I sometimes have a hard time watching baseball here.
The problem is the Chinese broadcast. For one thing, it is made over the US broadcast, which is extremely distracting. For another, my Chinese isn't spectacular, and I also find the announcer's habit of yelling "Hasta la vista, baby!" after every home run to be ... well, let's just say it has lost its novelty. I often turn the sound down or mute it altogether, which is how I completely missed the Kenny Rogers scandal in Game 2.
Unaware of what ESPN is now calling "Dirtgate," I found Game 2 to be rather dull. Like Game 1, it offered a showcase of excellent pitching; unlike Game 1, there was little offense. Jeff Weaver worked himself out of a few big jams and Rogers was simply lights-out, but other than that, there was little to see.
Except, it appears, for that smudge of alleged dirt on Rogers' hand.
I had hoped, for a moment, that all of the drama in this series might occur strictly on the field and be confined to great catches and clutch home runs. After Game 1, that seemed not only possible, but probable. These are not melodramatic teams. Post-game comments from both teams have been classy and respectful. They have given credit where credit is due. The two managers are old and dear friends. Even in this situation, Cardinals manager Tony LaRussa refused to discuss the situation with the media, presumably because he did not want to appear as though he were taking credit away from Jim Leyland's team, but that is not going to stop the media from talking.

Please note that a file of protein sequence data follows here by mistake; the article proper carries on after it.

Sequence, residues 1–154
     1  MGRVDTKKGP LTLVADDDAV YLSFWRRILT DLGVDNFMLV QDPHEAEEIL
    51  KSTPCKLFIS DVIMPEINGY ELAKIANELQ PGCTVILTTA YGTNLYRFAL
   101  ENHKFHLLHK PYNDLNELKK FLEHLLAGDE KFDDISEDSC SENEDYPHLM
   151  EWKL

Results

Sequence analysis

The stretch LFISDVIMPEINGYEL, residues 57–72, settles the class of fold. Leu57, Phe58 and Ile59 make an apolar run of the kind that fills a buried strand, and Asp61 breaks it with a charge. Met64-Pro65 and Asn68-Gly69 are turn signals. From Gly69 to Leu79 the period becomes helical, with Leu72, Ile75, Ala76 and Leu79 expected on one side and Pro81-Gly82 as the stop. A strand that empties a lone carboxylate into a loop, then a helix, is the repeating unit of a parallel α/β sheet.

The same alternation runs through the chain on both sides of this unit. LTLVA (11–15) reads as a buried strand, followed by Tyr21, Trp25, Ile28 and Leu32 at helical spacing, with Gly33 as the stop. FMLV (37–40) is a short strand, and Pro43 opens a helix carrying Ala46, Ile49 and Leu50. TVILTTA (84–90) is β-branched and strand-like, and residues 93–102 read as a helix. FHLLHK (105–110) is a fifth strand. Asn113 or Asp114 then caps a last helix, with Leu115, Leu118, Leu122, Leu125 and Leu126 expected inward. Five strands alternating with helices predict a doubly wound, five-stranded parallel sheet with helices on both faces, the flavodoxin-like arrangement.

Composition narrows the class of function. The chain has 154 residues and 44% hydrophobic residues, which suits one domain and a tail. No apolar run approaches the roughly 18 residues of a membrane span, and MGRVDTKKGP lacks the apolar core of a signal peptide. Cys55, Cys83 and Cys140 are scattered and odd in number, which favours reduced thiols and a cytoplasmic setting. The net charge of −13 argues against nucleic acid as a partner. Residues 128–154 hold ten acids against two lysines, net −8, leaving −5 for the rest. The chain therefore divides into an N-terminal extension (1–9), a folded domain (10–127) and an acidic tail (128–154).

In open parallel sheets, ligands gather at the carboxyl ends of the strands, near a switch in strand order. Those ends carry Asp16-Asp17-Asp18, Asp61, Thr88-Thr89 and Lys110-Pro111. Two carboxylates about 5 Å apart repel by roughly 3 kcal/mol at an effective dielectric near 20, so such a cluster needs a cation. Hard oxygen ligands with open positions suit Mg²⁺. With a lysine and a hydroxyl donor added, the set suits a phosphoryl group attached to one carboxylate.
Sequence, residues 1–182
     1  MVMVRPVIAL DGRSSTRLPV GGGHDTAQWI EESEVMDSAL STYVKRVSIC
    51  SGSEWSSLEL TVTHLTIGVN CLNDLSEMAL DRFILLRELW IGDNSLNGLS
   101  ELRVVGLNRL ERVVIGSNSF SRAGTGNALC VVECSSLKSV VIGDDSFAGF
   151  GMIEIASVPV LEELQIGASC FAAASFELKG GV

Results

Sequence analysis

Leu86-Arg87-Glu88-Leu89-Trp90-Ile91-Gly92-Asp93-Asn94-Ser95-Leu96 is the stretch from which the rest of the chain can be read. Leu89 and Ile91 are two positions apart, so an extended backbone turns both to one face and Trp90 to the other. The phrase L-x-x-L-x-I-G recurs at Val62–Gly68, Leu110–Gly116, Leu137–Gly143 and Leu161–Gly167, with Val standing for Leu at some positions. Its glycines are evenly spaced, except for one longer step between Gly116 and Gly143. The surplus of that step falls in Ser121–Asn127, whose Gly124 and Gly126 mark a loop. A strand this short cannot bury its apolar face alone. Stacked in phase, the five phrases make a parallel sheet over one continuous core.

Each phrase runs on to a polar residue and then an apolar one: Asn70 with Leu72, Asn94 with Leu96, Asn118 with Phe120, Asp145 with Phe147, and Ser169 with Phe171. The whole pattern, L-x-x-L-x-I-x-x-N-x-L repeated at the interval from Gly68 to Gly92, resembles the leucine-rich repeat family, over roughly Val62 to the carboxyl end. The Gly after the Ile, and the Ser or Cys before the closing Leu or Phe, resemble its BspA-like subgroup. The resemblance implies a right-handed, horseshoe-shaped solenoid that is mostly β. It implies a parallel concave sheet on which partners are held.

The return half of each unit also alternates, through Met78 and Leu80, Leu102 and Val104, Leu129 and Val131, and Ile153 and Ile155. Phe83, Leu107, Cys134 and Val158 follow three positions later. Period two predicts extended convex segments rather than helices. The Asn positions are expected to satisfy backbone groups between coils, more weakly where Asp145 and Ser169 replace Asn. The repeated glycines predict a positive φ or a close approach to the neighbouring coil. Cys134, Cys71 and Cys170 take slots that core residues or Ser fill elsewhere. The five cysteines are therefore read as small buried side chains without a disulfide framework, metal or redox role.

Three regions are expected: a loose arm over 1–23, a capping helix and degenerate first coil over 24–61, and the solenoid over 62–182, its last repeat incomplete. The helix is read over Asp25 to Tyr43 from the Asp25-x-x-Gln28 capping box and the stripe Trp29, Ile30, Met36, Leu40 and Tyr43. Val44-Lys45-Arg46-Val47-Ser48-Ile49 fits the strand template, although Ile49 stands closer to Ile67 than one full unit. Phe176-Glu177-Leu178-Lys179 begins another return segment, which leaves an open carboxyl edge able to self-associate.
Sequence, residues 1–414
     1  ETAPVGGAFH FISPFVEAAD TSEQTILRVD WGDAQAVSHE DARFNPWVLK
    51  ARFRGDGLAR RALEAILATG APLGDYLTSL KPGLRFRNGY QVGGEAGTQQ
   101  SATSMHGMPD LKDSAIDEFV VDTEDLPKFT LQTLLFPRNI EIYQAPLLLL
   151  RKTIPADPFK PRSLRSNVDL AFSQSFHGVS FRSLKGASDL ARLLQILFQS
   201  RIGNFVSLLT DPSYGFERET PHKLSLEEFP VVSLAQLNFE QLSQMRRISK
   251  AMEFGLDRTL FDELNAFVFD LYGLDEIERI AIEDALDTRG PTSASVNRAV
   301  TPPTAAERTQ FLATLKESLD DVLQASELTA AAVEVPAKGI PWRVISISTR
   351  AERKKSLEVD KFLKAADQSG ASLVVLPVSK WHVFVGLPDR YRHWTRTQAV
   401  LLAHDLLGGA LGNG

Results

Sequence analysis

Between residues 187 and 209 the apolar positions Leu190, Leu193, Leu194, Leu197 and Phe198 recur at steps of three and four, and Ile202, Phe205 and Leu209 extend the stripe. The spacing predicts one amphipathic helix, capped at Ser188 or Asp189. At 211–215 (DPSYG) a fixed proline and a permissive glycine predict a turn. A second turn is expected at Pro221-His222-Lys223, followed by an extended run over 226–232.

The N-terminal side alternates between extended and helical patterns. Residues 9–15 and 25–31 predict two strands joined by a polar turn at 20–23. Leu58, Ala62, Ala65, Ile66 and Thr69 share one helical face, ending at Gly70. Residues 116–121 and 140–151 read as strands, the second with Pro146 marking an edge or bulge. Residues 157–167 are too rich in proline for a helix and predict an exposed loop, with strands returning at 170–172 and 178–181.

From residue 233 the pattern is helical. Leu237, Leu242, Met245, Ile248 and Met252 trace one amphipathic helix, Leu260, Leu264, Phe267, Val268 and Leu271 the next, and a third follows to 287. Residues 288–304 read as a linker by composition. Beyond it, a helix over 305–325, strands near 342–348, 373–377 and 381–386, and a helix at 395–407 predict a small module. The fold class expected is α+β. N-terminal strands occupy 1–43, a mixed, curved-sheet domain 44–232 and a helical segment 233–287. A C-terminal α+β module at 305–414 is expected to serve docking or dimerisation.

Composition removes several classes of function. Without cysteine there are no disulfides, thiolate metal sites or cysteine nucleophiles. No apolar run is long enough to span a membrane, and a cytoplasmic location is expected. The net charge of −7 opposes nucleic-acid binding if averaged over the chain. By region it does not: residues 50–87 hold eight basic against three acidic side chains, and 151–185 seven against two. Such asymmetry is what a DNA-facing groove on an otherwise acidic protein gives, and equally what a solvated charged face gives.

Such an under-anticipated World Series needs a little outside scandal, and who better to place at the root of that scandal than Kenny "Cameraman-Puncher" Rogers?
If the dirt was, in fact, pine tar or some other illegal substance, I fail to see what difference it makes. Yes, technically, it would make Rogers a cheater. But it was there for one inning. Rogers shut the Cardinals down for seven more after that, and I'm pretty sure the mystery substance did not play a role in Craig Monroe's homer, or any of the other runs scored by the Tigers. They played the better ball game and they won.
The last two World Series have been all about breaking curses and 90-plus-year droughts. If this one turns out to be about the inside of Kenny Rogers' palm, it will be shame.
Eyes on the field, everyone. Or is that too much to ask?